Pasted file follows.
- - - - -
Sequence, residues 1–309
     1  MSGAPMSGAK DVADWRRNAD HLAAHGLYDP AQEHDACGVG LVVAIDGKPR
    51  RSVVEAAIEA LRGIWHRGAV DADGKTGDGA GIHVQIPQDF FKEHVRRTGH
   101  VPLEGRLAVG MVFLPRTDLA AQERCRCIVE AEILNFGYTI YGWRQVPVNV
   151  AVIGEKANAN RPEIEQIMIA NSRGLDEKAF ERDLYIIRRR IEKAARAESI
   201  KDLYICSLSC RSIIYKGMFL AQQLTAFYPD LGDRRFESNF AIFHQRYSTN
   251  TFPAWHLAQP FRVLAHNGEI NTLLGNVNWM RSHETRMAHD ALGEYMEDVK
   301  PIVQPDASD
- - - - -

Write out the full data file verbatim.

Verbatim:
Sequence, residues 1–309
     1  MSGAPMSGAK DVADWRRNAD HLAAHGLYDP AQEHDACGVG LVVAIDGKPR
    51  RSVVEAAIEA LRGIWHRGAV DADGKTGDGA GIHVQIPQDF FKEHVRRTGH
   101  VPLEGRLAVG MVFLPRTDLA AQERCRCIVE AEILNFGYTI YGWRQVPVNV
   151  AVIGEKANAN RPEIEQIMIA NSRGLDEKAF ERDLYIIRRR IEKAARAESI
   201  KDLYICSLSC RSIIYKGMFL AQQLTAFYPD LGDRRFESNF AIFHQRYSTN
   251  TFPAWHLAQP FRVLAHNGEI NTLLGNVNWM RSHETRMAHD ALGEYMEDVK
   301  PIVQPDASD